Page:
March 13- April 4
Location: The Very Little Theatre

*If you happen to game for the two-hour commute from Eugene to Portland, here are two must-see shows playing in downtown Portland:

Winner of the Tony Award for best Broadway musical
March 4- April 5
Location: Keller Auditorium

The Importance of Being Ernest
Written by: Oscar Wilde
Feb. 24 -March 29
Location: Portland Center Stage

I hope these links inspire you to see a show. Do you know of any other hot theatre tickets that are currently available in the Eugene or Portland community? I’d love to hear about them!

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Narrowing the Focus


Each week as I stare at my computer screen and think of a topic for my latest blog post, I have a moment of doubt. Will my post be good, funny, interesting, or relevant? A million ideas are running through my head at any given time, so it’s so hard for me to pick just one idea and blog about it.

Luckily, the other day, I was thrilled to come across PR and social media pro Chris Brogan’s blog post titled, “Build Blog Posts Like Building Blocks.” His advice was invaluable. I loved this quote:

“One such way to think of your blogging is by considering each post a building block to something larger, instead of just loose pages of thought.”

Suddenly, a light went on in my brain. My blog will be more focused, centered and (hopefully) useful to readers if each post builds from the previous one, or at least builds from a recent post.

To make sure this idea was foolproof, I racked my brain and listed the blogs that I visit most often. I noticed that my favorite blogs have a distinct and clear focus and many of the posts are connected. Here is a brief sampling of some of the blogs I read on a consistent basis. Notice that many of the posts are like building blocks, building upon the previous one.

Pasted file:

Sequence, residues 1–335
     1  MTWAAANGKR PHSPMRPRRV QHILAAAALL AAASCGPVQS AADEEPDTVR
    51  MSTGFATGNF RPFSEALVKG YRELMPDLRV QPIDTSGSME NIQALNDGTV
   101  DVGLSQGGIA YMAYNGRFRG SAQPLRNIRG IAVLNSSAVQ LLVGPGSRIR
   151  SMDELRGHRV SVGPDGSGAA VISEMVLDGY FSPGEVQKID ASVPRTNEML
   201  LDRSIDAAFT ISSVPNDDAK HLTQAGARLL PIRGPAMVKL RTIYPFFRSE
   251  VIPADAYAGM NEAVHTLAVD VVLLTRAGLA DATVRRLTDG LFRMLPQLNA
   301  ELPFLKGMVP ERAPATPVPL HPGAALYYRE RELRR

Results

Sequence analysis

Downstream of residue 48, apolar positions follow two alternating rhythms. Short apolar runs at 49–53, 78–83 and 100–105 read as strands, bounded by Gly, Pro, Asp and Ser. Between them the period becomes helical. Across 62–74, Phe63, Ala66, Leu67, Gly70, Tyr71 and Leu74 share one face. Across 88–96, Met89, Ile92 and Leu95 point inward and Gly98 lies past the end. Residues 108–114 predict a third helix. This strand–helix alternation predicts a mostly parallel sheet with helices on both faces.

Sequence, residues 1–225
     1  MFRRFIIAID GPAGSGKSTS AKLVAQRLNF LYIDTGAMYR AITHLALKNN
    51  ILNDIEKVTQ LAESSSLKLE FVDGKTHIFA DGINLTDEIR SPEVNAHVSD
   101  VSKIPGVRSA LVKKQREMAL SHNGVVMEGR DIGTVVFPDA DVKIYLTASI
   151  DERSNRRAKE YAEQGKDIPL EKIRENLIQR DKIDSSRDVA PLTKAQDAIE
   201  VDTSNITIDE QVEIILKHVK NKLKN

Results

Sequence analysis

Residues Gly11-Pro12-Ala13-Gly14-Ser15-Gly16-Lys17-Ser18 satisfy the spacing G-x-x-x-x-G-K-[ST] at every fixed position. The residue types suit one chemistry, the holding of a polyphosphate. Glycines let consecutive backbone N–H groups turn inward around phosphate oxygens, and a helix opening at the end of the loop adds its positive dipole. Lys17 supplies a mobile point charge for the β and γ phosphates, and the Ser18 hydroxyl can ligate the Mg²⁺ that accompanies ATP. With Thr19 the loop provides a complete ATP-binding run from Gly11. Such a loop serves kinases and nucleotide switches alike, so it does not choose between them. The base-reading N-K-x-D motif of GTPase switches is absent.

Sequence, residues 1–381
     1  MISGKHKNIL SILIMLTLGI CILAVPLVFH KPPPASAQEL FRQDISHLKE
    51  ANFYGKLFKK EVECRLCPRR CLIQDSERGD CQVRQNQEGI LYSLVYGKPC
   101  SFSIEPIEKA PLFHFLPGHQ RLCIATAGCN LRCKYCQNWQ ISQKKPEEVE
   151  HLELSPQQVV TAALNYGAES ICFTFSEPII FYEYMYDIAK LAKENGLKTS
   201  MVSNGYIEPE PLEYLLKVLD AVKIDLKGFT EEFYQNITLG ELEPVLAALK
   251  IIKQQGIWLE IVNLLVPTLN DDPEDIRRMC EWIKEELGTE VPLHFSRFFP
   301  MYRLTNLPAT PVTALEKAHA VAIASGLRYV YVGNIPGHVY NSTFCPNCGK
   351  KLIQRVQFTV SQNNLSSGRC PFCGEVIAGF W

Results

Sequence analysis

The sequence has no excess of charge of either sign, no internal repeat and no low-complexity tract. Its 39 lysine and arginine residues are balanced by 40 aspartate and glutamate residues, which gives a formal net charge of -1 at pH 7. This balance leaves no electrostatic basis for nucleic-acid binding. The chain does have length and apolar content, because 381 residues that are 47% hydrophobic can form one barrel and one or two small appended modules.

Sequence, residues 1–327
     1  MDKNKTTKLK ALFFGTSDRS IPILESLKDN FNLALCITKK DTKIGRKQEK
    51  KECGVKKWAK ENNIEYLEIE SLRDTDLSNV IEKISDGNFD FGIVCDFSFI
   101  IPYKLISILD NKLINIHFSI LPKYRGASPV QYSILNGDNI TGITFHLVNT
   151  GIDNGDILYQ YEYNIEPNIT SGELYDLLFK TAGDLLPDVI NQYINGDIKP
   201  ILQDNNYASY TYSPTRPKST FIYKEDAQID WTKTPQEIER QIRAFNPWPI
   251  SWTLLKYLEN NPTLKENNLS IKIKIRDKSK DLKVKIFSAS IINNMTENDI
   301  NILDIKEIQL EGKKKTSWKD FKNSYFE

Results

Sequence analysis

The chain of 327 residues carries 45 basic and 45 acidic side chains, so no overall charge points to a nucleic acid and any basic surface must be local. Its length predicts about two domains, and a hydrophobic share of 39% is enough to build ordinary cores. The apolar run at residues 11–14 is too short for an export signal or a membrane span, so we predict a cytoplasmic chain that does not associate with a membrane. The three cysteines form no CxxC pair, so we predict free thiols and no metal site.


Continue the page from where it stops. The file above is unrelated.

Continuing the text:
Public Relations

PRos in Training: Written by my PR teacher Kelli Matthews. It offers tons of useful information on PR and social media that is useful for students, PR newbies and PR professionals.

if i knew all the words: From University of Oregon graduate, Staci Stringer. As a new PR professional, she gives great advice about the “real world” and her experience in PR.

PR Squared: Written by Todd Defren, a principal at SHIFT Communications and author of the must-read guide on social media, “Brink.”


The Theater Loop: Provides wonderful reviews and updates from Chicago’s lively theatre scene.

Portland Center Stage: A native Portlander, I’m always curious to see what’s showing at Portland Center Stage.


go fug yourself: Posts the latest celebrity fashion faux pas and red carpet catastrophes.

TMZ: Full of celebrity and entertainment news.

Looking at some of my favorite blogs prompted me to take a closer look at my personal blog and my potential audience. I realized I needed to make some changes. First I knew I had to ditch the old blog title and customize it to reflect the theme of my blog. I scrolled through my latest posts and saw that many of them were PR and entertainment related. A friend and fellow University of Oregon journalism student Regin Daniels helped me to come up with my new blog title, “A Play on Words.” My goal for this blog is to take Brogan’s advice to heart and write posts that can potentially build off of each other.

How do you focus your blog? Do you approach it from a specific angle? Do you write your posts with a specific audience/demographic in mind? As a blogging newbie, I welcome any thoughts, ideas or comments on this topic. Thanks for stopping by!

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The 81st Annual Academy Awards Lights up the Internet

81st_pittb_joliea_01The red carpet, the movie stars, the acceptance speeches, the glitz and the glam. Ah, I love the Academy Awards. I have watched the Oscars wide-eyed and slightly envious for as long as I can remember. Someday, if my ideal life pans out, I’ll watch the show sitting in the audience at the Kodak Theatre in L.A. But in the meantime, like millions of other viewers, I have gotten my Oscar fix from the live television broadcast on ABC. This year, however, it was different. I not only watched the event on TV, but I also tuned into the event via the Internet.

The 2009 Oscars were covered on blogs, Twitter feeds and countless other websites. Here is a list of some of my favorite sites from Sunday night: